On appeal from Superior Court of New Jersey, Law Division, Atlantic County, Indictment No. 91-09-2490-D.
The opinion of the court was delivered by: Baxter, J.A.D.
NOT FOR PUBLICATION WITHOUT THE APPROVAL OF THE APPELLATE DIVISION
Before Judges S.L. Reisner, Gilroy and Baxter.
Robert Ross (petitioner) appeals from an October 2, 2007 order of the Law Division that denied his petition for expungement of his conviction for third-degree bribery, N.J.S.A. 2C:27-6. In denying expungement, the judge relied on a portion of N.J.S.A. 2C:52-2 that permits expungement of an indictable conviction only if the petitioner "has not been convicted of a prior or subsequent crime." The judge concluded that because Ross committed the crime of false swearing months after he committed the bribery, the false swearing conviction constituted a conviction of a "subsequent crime" that precluded expungement of the bribery conviction, even though Ross was sentenced and convicted for the two crimes on a single sentencing date. We affirm.
In 1989 and 1990, Ross, his father and his sister owned a number of rental properties in Atlantic City. In one of those buildings, Ross and his family installed a water heater with a defective flue that violated the applicable building code. Ross bribed an Atlantic City Housing Authority inspector on several occasions between April 20, 1989, and February 28, 1990, to ignore the violation. As a result of the defective flue, carbon monoxide accumulated and a family of five living in the building was asphyxiated.
The Atlantic County Prosecutor's Office began an investigation into the deaths and interviewed Ross. On May 22, 1990, Ross falsely stated under oath that he and his business partners had not installed a new hot water heater in the apartment where the five deaths occurred.
An Atlantic County grand jury returned six separate indictments against Ross, his father and sister. On July 13, 1992, Ross entered negotiated guilty pleas to one count of fourth-degree false swearing, N.J.S.A. 2C:28-2, and one count of third-degree bribery, N.J.S.A. 2C:27-6.*fn1 He was sentenced on both charges on the same sentencing date, July 24, 1992, at which time the court imposed a three-year term of probation. As far as we can determine from the record, Ross successfully completed that probationary term. Pursuant to the terms of the July 13, 1992 plea agreement, all remaining counts on the six indictments were dismissed.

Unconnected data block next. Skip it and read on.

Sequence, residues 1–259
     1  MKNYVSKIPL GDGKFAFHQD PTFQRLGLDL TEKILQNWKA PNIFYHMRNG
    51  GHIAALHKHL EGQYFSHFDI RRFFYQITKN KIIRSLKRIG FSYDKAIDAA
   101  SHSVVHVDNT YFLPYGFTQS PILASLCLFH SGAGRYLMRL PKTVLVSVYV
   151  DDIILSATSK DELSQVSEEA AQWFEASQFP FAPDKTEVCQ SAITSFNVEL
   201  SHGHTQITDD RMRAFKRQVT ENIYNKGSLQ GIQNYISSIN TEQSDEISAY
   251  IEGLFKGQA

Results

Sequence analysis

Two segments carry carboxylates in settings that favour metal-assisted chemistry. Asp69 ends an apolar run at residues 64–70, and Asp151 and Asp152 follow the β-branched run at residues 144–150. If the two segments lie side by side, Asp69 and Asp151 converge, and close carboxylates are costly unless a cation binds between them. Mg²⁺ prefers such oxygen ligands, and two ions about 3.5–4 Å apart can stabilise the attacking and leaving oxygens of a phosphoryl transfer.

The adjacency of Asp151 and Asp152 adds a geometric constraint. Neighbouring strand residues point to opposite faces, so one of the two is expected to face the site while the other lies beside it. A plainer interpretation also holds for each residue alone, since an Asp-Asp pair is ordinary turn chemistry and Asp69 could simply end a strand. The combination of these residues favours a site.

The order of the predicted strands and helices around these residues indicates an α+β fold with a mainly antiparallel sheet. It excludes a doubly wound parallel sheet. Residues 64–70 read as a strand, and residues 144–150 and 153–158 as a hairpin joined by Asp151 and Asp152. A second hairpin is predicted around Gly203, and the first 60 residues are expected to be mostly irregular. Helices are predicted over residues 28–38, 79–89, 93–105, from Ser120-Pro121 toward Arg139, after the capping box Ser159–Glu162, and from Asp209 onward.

Ross, now thirty-eight years old, has not been arrested or convicted of any offense or crimes since he was convicted of the instant offenses in 1992. He now resides in North Carolina and seeks to obtain either a real estate or automobile dealership license but is unable to do so unless his bribery conviction is expunged.
On July 5, 2007, Ross filed a petition for expungement in which he sought to expunge only the bribery conviction. He did not seek to expunge the false swearing conviction because the applicable statute, N.J.S.A. 2C:52-2(b), prohibits expungement of a conviction for false swearing. Judge Isman denied the expungement petition, concluding that the applicable statute, N.J.S.A. 2C:52-2(a), prohibits expungement of a conviction whenever a person has been convicted of a crime committed on a subsequent date even if the petitioner was convicted of both crimes on a single sentencing date. A confirming order was entered on October 2, 2007.
On appeal, Ross argues that the denial of his expungement petition was error because "a simultaneous conviction is not a prior or subsequent conviction for purposes of expungement." The State argues that petitioner's crime of bribery occurred between April 20, 1989, and February 28, 1990, whereas the crime of false swearing occurred months later on May 22, 1990. Consequently, the State contends:
The fact that [Ross] committed crimes on two separate occasions, for which he was convicted, barred the expungement of either the prior or subsequent crime. N.J.S.A. 2C:52-2. The fact that the Legislature used the language "prior or subsequent crime" and did not use the term "prior" or "subsequent conviction" indicates a legislative intent to focus on the date of the ...